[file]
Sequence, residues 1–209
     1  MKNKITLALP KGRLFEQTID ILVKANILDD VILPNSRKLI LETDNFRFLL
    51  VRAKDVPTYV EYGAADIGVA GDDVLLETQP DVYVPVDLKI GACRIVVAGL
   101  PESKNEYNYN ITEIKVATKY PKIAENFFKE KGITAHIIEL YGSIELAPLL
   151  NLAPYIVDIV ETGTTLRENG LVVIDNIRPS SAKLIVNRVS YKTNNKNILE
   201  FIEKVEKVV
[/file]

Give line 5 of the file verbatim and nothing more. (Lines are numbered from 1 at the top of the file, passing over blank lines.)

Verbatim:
   151  NLAPYIVDIV ETGTTLRENG LVVIDNIRPS SAKLIVNRVS YKTNNKNILE